Shonen Knife

Overdrive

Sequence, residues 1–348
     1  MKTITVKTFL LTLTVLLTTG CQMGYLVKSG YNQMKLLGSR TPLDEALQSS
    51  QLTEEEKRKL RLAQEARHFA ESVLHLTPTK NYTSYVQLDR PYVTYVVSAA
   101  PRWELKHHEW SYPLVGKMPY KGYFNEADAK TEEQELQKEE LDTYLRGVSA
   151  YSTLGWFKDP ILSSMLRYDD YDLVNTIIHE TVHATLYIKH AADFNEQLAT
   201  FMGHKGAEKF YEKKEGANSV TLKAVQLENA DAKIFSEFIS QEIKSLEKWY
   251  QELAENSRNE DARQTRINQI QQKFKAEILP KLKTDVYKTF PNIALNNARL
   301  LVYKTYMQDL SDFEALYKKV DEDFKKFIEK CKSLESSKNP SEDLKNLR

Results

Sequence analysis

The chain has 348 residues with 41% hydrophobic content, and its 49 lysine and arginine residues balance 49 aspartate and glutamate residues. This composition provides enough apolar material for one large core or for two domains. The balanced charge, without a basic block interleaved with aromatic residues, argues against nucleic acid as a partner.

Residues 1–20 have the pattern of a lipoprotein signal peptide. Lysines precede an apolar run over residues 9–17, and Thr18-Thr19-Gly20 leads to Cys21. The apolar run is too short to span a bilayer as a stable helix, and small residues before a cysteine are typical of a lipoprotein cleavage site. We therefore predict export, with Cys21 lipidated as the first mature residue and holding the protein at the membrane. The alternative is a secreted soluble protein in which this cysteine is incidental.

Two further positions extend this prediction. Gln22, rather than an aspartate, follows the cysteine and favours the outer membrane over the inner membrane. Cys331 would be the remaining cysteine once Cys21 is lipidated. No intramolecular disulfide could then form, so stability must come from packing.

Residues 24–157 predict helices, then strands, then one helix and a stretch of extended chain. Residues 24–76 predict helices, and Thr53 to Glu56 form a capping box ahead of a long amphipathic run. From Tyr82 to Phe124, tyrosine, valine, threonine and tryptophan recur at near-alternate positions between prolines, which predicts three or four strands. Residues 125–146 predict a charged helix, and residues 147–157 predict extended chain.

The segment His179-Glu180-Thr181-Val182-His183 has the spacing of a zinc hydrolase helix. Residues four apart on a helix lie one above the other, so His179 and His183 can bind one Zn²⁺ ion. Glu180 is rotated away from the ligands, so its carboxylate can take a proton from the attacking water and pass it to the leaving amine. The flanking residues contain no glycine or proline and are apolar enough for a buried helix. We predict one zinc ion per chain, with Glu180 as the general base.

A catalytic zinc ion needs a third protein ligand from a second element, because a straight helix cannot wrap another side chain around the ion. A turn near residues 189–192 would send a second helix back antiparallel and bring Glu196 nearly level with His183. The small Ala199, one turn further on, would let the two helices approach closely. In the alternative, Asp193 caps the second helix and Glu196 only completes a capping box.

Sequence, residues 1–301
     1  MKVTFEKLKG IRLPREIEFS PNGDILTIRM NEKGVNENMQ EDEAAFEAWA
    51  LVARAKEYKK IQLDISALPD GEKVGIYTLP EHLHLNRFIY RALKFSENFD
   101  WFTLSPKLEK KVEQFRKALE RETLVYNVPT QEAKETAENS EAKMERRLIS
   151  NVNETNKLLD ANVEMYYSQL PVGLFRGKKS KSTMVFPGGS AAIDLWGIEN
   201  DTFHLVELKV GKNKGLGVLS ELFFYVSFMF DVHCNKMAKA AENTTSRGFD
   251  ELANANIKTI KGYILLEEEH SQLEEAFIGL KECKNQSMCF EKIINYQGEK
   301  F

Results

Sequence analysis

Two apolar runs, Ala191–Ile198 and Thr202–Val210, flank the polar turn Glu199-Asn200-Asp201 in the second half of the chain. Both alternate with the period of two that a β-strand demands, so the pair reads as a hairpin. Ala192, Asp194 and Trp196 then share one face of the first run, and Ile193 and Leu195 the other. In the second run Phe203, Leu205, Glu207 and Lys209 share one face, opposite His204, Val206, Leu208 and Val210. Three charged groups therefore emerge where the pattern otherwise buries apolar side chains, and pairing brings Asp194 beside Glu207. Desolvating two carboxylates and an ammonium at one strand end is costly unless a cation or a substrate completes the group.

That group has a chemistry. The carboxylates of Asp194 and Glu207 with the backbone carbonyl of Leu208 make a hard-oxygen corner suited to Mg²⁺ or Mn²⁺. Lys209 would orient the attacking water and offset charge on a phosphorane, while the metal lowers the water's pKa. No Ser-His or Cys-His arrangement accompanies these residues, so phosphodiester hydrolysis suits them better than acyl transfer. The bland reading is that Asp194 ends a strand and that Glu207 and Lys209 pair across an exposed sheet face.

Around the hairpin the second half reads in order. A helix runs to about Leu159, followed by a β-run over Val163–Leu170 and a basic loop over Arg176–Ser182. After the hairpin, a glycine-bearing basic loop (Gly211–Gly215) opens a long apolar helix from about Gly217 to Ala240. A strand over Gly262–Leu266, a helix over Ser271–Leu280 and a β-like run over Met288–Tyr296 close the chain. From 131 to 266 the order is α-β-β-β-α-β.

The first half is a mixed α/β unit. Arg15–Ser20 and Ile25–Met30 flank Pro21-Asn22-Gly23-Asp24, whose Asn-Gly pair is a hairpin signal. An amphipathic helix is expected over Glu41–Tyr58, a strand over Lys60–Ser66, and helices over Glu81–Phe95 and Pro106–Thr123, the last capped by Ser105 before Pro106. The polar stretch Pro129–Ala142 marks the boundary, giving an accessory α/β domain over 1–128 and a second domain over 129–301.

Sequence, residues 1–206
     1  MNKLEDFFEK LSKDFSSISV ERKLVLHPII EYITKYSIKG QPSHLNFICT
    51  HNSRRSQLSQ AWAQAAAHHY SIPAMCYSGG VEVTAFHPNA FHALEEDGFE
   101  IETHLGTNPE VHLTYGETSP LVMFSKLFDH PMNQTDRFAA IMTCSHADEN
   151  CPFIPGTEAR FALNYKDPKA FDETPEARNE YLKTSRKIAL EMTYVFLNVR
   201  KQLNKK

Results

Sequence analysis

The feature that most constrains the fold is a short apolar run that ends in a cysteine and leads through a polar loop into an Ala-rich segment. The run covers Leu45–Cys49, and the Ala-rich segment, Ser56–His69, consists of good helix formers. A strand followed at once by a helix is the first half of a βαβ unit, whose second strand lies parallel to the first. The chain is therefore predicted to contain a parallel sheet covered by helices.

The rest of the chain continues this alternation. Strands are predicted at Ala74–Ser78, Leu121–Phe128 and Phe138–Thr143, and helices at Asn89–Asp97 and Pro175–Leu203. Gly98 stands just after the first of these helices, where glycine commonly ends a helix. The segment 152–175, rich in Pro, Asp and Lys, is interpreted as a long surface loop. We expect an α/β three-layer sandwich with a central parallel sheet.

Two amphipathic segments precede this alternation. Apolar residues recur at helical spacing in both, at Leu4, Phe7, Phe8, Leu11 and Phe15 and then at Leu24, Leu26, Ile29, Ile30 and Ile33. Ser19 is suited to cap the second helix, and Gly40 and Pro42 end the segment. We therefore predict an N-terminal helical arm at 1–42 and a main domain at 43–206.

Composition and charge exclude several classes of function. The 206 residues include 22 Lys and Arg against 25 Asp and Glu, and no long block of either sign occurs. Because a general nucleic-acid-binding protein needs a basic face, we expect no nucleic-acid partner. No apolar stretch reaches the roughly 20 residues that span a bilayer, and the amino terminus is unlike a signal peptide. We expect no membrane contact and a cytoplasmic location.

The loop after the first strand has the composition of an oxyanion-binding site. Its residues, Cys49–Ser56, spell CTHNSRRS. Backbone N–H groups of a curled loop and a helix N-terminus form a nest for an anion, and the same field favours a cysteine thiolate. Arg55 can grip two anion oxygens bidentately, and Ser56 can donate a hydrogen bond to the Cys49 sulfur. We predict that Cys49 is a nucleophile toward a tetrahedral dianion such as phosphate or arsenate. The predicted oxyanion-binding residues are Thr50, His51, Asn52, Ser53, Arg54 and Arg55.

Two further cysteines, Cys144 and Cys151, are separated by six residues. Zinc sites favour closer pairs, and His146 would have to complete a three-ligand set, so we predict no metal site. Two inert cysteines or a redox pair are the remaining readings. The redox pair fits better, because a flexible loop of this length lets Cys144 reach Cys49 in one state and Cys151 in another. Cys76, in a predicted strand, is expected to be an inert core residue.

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Three decades into their recording career, no one should expect any radical shifts in Shonen Knife's musical approach, but 2014's Overdrive is about as close to a major change of pace as they're ever likely to give us. Shonen Knife leader Naoko Yamano has long insisted she likes vintage hard rock and metal as much as the Ramones-styled pop-punk that has been the group's sonic trademark since the beginning, and on Overdrive she sets out to prove it: she plugs her guitar into a bigger amp, tosses in some chord changes that suggest vintage hard rock and glam tunes, and has the rhythm section (bassist Ritsuko Taneda and drummer Emi Morimoto) hit harder and with more swagger than usual. By Shonen Knife's standards, Overdrive does sound like some sort of hard rock album, and the attempts to make like Kiss, Thin Lizzy, or Deep Purple come off better than one might expect, though Yamano's guitar skills are less impressive than those of the average metal axe slinger. The tunes have a genuine charm in their stripped-down evocation of a sound and an era, and charm has long been a big part of Shonen Knife's formula, but even though Yamano has written melodies and guitar figures that sound like classic hard rock, her lyrics are the same sort of sunny, naive observations that she's been writing since 1983 as she marvels in the pleasures of shopping, noodles, green tea ice cream, dancing, and fortune cookies, which makes Overdrive seem more like a run-of-the-mill Shonen Knife set than was probably intended. If Yamano was going to head outside of her usual comfort zone, it might have been interesting if she threw in a power ballad about some guy she met on the road, or an uptempo number about carousing after the show with something more potent than ramen. Hey, Naoko, would Lita Ford or Joan Jett sing about ice cream and kitties? Think about that next time you crank up a Marshall stack.